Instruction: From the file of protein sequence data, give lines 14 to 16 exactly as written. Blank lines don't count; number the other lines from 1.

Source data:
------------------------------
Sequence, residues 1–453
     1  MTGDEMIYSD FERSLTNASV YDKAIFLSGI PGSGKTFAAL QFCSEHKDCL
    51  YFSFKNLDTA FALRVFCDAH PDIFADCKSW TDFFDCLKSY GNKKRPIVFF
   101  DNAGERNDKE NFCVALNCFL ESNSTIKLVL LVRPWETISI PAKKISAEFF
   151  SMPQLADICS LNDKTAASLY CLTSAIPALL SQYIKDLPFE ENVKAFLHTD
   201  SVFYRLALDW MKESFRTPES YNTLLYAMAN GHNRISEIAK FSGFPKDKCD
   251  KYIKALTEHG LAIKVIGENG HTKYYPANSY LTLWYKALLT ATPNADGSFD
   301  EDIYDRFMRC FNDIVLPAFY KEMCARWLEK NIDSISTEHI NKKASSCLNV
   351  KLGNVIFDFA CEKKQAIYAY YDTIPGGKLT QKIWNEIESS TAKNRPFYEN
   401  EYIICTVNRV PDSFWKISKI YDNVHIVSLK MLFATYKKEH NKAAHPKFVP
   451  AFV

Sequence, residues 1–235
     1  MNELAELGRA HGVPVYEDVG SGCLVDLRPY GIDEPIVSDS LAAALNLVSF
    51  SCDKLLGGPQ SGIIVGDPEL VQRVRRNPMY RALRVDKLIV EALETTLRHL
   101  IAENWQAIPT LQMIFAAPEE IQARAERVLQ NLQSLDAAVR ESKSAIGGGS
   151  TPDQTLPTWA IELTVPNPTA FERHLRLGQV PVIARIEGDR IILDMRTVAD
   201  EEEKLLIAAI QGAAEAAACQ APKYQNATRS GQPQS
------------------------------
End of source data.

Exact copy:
    51  SCDKLLGGPQ SGIIVGDPEL VQRVRRNPMY RALRVDKLIV EALETTLRHL
   101  IAENWQAIPT LQMIFAAPEE IQARAERVLQ NLQSLDAAVR ESKSAIGGGS
   151  TPDQTLPTWA IELTVPNPTA FERHLRLGQV PVIARIEGDR IILDMRTVAD